Modesto Junior College is exploring ways to better educate people about climate change, and to make its two campuses more sustainable.
It starts with a Friday, Oct. 25, evening talk by Shahir Masri of the University of California, Irvine. He wrote a recent book that responds to the deniers of this global phenomenon.
The effort will continue over the longer term with possible courses on climate change and ways that the MJC buildings and grounds could be part of the solution.
“There is a visible, broader, swelling awareness of the public about climate change issues in 2019,” said an email from Richard Anderson, professor emeritus of biology at MJC and one of the leaders in the cause.
MJC, founded in 1921 and now serving about 19,000 students, has played a key role in training people in agriculture, health care, business and other fields. Climate change works its way into the instruction at times, but it is not a focus of study on its own.
Earth Science Professor Noah Hughes is another of the leaders in this effort. He lectured recently on how a changing climate could stress almond orchards in eastern Stanislaus County that rely on groundwater.
“This is a threat to the sustainability of agriculture in our area,” he said.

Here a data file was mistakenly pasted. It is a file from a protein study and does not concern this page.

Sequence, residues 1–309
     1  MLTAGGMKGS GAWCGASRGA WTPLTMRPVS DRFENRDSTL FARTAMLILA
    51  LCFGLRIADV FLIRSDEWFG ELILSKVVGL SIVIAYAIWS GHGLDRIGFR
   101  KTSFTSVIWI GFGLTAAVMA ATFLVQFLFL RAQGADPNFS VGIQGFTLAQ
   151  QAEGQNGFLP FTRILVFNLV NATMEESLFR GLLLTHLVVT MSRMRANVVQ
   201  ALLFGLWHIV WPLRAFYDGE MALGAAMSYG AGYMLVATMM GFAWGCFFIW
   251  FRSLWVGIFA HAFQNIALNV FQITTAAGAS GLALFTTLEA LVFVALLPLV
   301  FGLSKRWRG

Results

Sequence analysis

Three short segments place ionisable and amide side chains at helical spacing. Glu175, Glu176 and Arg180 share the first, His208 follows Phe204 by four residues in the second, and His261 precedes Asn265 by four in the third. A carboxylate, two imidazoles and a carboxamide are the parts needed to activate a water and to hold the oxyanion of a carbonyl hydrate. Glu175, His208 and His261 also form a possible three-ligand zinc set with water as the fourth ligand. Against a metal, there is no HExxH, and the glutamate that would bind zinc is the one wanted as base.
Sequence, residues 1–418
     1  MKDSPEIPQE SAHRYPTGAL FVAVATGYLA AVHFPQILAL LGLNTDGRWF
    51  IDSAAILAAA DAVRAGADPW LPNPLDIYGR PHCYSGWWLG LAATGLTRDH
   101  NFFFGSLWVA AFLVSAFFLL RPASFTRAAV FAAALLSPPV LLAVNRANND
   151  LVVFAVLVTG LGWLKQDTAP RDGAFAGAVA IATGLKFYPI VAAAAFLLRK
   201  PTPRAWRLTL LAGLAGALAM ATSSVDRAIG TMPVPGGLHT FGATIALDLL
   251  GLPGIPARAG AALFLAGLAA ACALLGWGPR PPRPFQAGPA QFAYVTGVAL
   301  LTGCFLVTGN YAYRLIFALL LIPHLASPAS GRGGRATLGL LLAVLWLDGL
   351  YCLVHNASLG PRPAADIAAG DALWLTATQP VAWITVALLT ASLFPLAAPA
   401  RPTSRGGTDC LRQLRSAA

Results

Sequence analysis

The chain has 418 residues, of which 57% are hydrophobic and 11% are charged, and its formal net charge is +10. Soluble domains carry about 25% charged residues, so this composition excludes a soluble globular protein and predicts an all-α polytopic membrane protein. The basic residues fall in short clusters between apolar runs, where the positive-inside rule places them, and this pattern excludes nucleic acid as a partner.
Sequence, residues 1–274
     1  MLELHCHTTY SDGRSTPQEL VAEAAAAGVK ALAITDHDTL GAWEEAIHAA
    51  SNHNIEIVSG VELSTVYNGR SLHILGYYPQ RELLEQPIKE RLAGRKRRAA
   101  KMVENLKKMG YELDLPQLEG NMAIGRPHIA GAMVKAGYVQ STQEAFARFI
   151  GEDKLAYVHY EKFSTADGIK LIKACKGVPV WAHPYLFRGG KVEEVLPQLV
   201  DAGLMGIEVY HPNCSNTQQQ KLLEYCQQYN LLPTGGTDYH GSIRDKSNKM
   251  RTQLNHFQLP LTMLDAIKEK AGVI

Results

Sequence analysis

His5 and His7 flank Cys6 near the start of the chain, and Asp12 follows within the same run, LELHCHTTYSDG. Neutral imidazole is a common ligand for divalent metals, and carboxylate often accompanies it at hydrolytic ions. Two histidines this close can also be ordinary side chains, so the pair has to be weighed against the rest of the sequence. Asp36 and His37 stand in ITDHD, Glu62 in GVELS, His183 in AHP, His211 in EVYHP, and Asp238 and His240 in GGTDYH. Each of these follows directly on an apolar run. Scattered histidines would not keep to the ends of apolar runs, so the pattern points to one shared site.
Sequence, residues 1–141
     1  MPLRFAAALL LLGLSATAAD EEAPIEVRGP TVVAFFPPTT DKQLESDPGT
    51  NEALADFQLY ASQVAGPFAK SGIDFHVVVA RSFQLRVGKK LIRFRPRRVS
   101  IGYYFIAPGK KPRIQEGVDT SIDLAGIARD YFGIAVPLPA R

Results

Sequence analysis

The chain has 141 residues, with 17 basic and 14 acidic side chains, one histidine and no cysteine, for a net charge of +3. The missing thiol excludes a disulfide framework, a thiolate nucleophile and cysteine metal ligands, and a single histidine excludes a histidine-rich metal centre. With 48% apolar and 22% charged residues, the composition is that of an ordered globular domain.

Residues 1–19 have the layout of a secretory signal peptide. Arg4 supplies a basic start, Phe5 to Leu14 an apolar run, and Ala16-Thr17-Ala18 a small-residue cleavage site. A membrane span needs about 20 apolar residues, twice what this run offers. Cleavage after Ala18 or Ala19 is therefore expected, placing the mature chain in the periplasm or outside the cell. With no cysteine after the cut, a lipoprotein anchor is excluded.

Masri is the author of “Beyond Debate: Answers to 50 Misconceptions on Climate Change.” He is an air pollution scientist at UC Irvine.
The book lays out the basics: Fossil fuel burning and other human activities have increased carbon dioxide levels in the atmosphere, leading to a general warming of the planet. This could shift crops away from the San Joaquin Valley and other bountiful regions. It could mean more wildfires and less snow in the Sierra Nevada. It could inundate coastal areas with oceans swollen by melting glaciers.
Masri’s talk is part of the Modesto Area Partners in Science series. It will be at 7:30 p.m. in the Mary Stuart Rogers Student Center on the West Campus.
The audience will be welcomed by MJC President James Houpis, whose background is in environmental science. Admission is free.
Solutions near and far
MJC has taken some steps toward reducing fossil fuel consumption on its east and west campuses. Measure E of 2004 brought a boom in new construction and renovation that included more efficient buildings. One parking area is shaded by solar panels and has charging stations for electric vehicles.
One drawback: MJC is a commuter school, and most students and employees get there by driving rather than bus, bicycle or foot.
The college also is connecting with international efforts against climate change. Philosophy Professor Bill Anelli is a local leader in the Citizens Climate Lobby, which supports a bill in Congress that would impose fees on fossil fuel extraction to encourage renewable energy. The money would go not to government, but to taxpayers.
“Our policy appeals to both the left and the right ideologically on climate change,” Anelli said. “Even if you don’t believe in climate change, this policy would be beneficial for the economy.”
Anderson’s role includes co-producing a video that will detail the local effects of climate change, including farming, human health, wildlife and fire. He was part of the team behind “Homeless in Modesto,” an hour-long video released last year.